A seriously ill teen who dreams of a career on Broadway but could die if she sings in public says recording covers for the internet is her only escape.
Serena Schwerdfeger, 19, has the voice of an angel but is prevented from showcasing it on stage due to a mystery condition that rules her life.
The aspiring star lives with a primary immune disease which doctors have been unable to diagnose as she exhibits characteristics from four different illnesses.
She must wear a mask and medicine-administering backpack whenever she goes out in public because she is so susceptible to infection, and a simple virus could prove fatal.
To strengthen her immune system, Serena also undergoes grueling chemo-like IV antibody replacement therapy every three weeks which leaves her sick for days.
But after years of treatment, her body has become resistant to antibiotics used to fight infection which makes treating her illness even more difficult.
The teenager and her mum Lisa Lewis, 56, of Pensacola, Florida, travel all over the US to visit physicians and researchers in the hope of getting a diagnosis.
Serena, whose artist name is Serena Joy, says music has become an escape from the hardships of her disease, and whenever she is well enough, she is singing.
Though her health has declined in recent years, the musical teen dreams of studying musical theatre and launching a career on Broadway if doctors find her a cure.
The talented youngster, who posts covers of Christian songs on her Facebook page, said: “I have been in and out of hospital all of my life.
“I can’t really go outside because I’m exposed to infections, and when I do I have to wear a mask.
“I usually have to wear a backpack too which gives me medicine constantly through the port in my chest.
“Music has always been my comfort though. Singing has been my escape.
“When I’m feeling well enough I love to sing to the patients getting chemo because I get my treatment there too.
“As I’ve gotten older, my condition has continually worsened but when I get better my ultimate goal is to study musical theatre and dance.
“I would love to work on Broadway. That’s my dream.
“When I get better my goal is to start playing and singing in public, when I’m not so immune compromised and it won’t kill me and I don’t have to wear a mask everywhere.
“I also want to travel. Traveling now is difficult, because of germs, public restrooms, and crowds.
“Every month I have multiple infections some viral, some bacterial, both at the same time a lot.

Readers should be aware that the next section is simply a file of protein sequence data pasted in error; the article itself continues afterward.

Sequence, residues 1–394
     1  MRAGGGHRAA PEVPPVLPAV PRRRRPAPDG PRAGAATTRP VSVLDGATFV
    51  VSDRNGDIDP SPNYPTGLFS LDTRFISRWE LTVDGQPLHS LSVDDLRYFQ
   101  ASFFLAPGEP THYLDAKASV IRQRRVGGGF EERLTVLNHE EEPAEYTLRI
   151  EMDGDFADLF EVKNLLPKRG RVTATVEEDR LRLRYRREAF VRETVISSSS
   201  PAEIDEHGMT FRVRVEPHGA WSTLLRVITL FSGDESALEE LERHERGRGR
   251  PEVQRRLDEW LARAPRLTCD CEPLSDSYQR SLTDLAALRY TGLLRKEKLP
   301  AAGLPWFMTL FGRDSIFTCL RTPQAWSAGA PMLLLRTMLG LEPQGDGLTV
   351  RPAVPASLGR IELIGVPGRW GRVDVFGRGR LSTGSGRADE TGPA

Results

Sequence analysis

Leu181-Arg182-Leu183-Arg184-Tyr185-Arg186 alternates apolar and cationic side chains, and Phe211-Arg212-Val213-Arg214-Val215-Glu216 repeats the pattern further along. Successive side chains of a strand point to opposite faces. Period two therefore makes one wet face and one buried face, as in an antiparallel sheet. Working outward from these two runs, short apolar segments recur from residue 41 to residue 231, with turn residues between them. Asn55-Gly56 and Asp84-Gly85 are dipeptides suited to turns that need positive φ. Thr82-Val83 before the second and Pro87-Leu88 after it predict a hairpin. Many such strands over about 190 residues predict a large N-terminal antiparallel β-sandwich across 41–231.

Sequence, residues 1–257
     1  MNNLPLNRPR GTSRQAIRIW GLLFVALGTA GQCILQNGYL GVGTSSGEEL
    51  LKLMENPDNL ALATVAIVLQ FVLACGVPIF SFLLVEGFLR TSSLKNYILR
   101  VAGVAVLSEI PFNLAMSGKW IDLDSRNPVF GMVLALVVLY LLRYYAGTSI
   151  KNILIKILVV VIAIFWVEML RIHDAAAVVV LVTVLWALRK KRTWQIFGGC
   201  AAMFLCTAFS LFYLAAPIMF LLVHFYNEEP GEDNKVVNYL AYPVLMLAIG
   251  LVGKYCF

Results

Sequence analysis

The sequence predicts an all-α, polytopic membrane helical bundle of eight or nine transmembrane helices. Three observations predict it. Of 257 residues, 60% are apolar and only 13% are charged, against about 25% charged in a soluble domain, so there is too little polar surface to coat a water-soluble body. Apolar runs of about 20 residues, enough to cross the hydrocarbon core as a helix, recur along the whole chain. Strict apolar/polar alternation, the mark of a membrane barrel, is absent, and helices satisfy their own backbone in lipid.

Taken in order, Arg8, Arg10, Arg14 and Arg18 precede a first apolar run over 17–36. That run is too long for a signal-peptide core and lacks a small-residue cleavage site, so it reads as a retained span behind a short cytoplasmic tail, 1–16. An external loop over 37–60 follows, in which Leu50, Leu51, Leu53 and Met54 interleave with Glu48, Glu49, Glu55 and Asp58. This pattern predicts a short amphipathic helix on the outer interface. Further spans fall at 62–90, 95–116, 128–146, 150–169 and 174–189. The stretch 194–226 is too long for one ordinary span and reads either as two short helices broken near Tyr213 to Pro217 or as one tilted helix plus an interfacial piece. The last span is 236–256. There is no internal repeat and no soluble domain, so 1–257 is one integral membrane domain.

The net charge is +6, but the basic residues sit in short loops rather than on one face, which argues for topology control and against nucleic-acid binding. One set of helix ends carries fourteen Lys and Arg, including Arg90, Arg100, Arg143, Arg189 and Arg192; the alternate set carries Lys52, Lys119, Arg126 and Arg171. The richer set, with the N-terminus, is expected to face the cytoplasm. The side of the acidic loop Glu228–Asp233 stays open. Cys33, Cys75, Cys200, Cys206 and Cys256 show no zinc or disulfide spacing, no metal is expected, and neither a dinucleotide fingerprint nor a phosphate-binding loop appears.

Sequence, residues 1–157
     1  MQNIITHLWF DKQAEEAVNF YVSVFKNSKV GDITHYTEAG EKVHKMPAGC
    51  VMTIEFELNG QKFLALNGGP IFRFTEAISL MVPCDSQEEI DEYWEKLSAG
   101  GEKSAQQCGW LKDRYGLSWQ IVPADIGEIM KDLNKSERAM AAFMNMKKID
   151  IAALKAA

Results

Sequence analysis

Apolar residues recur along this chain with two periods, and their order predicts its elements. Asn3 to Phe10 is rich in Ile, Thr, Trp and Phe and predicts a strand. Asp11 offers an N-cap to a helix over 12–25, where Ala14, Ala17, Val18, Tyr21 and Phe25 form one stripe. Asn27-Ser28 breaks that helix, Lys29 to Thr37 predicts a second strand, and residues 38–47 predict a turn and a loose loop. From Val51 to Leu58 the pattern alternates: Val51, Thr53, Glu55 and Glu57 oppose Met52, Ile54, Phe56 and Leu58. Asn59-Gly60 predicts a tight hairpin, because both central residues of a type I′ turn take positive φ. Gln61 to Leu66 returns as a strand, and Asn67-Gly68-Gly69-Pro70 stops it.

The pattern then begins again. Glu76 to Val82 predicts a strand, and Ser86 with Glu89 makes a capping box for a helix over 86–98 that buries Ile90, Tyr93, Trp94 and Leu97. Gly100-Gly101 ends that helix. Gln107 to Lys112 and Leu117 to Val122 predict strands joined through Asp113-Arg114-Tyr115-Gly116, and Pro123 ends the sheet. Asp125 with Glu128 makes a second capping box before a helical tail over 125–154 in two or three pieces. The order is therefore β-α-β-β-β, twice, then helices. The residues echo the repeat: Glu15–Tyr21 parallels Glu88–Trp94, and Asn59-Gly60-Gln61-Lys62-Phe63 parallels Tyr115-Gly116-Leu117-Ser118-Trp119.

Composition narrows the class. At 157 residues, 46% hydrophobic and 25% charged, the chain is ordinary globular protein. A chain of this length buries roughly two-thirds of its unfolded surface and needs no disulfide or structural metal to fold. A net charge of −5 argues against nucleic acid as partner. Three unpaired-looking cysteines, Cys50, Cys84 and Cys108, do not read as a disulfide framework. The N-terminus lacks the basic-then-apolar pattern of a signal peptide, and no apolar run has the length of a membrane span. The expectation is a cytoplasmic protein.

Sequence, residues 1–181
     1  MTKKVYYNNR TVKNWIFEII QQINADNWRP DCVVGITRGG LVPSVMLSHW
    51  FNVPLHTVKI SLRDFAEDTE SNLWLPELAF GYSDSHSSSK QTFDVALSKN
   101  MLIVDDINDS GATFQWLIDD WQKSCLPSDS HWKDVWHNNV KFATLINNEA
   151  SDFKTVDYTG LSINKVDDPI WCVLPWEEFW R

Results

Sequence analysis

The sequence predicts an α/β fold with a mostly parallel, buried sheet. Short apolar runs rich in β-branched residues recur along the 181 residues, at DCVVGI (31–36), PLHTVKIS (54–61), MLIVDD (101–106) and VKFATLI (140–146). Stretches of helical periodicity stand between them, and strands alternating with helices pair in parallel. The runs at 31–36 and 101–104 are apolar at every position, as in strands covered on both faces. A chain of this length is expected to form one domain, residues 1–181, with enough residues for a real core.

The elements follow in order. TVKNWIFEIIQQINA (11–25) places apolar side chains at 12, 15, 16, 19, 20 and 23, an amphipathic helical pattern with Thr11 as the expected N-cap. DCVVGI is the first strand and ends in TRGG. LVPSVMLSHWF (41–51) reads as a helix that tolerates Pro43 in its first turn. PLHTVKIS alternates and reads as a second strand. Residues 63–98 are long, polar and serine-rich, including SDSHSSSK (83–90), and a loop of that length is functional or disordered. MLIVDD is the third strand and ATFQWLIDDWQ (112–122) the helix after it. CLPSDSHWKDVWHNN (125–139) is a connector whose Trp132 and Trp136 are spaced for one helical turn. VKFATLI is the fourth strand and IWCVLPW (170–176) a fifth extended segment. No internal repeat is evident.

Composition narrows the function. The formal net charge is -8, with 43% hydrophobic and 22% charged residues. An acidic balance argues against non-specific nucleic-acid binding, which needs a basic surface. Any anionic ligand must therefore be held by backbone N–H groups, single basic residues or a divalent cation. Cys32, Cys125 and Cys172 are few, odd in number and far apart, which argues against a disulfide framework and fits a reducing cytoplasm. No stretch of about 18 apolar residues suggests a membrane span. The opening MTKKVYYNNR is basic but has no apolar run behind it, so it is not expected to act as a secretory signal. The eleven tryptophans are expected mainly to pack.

“When I have a good day, I live life in fast forward, packing and pouring as much into each good day as I can.
“It’s been more than a year since I’ve had two well weeks.
“Too much of the time I am looking out at the world going by, and my music makes me feel connected in ways I absolutely can’t be now.
“I pour all of the yearnings, desire, and emotion that would go into relationships, into my music as a positive outlet.”
Serena’s mum Lisa, gave up her career in marketing to care for her daughter and now works two part-time jobs to cover the everyday expenses that come with Serena’s care.
The family are currently campaigning to raise funds for a stem cell treatment, which could help boost Serena’s immune system and help her live a more normal life.
Lisa said: “There is an urgency in having the stem cell transplant before she contracts something that her weakened immune system would be unable to overcome.
“She gets an infection every month without fail and we have been in and out of the hospital ever since she was a little girl.
“Sometimes after the treatment, Serena has what we call a well week – which is a week where she is feeling okay.
“These happen about eight weeks a year.
“She makes the most of that time, she goes outside, we go to the beach together.
“When you are as sick as Serena is, you have to live life in fast-forward when you are feeling well.”
Despite everything she has been through, Serena is hopeful she will one day be free of the illness that has ruled her life for so many years.
“There’s no way to stay upbeat all the time, especially when you’re lying in hospital with needles in your chest, extremely unwell and out of it; when you can’t even wash your own hair.
“I try my best to stay positive and music helps me do that.”
To donate to Serena’s campaign visit: https://www.gofundme.com/serenasjourney